The non-religious people I know use the name “Christmas” and have no problem with it. The etymology of the word isn’t really important. Just like the word “holiday” is derived from “holy day.” We all know that “holiday” is now used for non-religious days too, such as Independence Day or Labor Day, so its original meaning isn’t important.

    The reason for saying “Happy Holidays” instead of “Merry Christmas” was to be courteous to all non-Christians, not just the non-religious. Apparently, many Christians have a problem with being courteous to non-Christians.

    The fact that most Americans support allowing religious symbols on public property is simply due to the fact that most Americans are religious. That doesn’t make it right to ignore the opinion of the minority opposed to it. 13% is about 1 out of every 7 or 8 people. That is not an insignificant number. Also, most non-religious people are not concerned so much with things like nativity scenes, but with things like posting the Ten Commandments in courthouses. We don’t want people trying to influence law or government with their religion.

  • Robineus

    What Dwayne is advocating is simply tyranny by the minority.

    I’m also curious why Dwayne has no problem celebrating the secular holiday of Christmas, but has a problem with people wishing him a merry one.

  • Neal Lang

    “Also, most non-religious people are not concerned so much with things like nativity scenes, but with things like posting the Ten Commandments in courthouses. We don’t want people trying to influence law or government with their religion.”

    So, in your opinion, non-religious folks, like yourself, have a problem with our laws and our court condemning things like murder, theft, bearing false witness. Interesting Worldview!

  • Neal Lang

    “The fact that most Americans support allowing religious symbols on public property is simply due to the fact that most Americans are religious. That doesn’t make it right to ignore the opinion of the minority opposed to it. 13% is about 1 out of every 7 or 8 people. That is not an insignificant number.”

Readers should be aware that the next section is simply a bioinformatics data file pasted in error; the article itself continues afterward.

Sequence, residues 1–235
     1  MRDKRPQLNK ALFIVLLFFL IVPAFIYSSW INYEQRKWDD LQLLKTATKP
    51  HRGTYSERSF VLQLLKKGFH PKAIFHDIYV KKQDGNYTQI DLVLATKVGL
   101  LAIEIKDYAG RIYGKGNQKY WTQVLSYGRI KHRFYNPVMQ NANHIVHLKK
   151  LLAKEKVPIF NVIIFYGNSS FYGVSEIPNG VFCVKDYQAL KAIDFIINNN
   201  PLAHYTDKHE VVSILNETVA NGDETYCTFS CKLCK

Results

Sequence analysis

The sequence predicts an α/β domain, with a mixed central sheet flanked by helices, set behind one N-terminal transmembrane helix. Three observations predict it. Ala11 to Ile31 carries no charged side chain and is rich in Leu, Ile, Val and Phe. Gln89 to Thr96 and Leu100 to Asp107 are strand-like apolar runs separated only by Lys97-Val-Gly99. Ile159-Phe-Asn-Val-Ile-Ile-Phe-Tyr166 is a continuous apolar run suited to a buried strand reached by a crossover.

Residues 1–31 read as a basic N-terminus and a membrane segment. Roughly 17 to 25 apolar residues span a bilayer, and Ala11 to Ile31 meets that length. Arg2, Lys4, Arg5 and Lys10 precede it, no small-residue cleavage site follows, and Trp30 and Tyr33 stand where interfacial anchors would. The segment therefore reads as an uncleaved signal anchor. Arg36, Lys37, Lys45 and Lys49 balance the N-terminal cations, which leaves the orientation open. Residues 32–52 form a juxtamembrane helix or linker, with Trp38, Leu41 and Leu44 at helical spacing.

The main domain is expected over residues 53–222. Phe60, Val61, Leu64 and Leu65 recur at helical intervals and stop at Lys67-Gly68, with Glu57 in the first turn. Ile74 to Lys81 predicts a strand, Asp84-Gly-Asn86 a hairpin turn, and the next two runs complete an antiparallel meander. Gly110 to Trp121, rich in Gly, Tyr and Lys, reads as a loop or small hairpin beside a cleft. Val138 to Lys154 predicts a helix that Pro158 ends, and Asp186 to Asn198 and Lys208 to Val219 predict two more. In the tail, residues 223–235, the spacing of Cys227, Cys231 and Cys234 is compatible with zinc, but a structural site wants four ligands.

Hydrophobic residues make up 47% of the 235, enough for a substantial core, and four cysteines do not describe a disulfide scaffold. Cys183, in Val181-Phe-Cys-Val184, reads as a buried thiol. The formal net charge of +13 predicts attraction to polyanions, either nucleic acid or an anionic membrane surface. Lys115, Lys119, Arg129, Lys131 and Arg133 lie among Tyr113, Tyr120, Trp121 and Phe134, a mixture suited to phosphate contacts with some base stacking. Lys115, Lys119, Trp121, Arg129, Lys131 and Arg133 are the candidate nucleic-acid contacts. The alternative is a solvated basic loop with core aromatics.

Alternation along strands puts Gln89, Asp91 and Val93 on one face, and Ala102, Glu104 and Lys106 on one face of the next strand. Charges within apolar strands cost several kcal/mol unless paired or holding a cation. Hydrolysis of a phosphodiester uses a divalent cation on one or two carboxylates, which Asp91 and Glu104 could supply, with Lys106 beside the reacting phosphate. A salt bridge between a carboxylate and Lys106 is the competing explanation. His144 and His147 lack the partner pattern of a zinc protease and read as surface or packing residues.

If the Ten Commandments send you “non-religious” around the bend, how do you guys feel about Creator Endowed Rights of Life, Liberty, and the Pursuit of Happiness? Is it your position that if 13% or more want to trash it – we should simply rescind our Founding Document on the basis of diversity? And what about the “rights” of the “7 or 8 people” who believe that without this God given, unalienable Rights the “non-religious,” like those who took over control of Russia, will soon be denying those rights to satisfry the “collective.”

  • Neal Lang

    “The reason for saying “Happy Holidays” instead of “Merry Christmas” was to be courteous to all non-Christians, not just the non-religious. Apparently, many Christians have a problem with being courteous to non-Christians.”

    Only an ignorant putz would object to someone wishing them a “Merry” time, no what their religion or non-religion. The entire premise of Christmas is “Joy to World” – the whole World, not just Christians. Christ was born and died for everyone, including the you atheists, which is why the celebration of His birth is a reason to be “Merry!” Only an atheist would think that wishing someone merriness was some sort of insult. Perhaps that is why most atheists are so droll.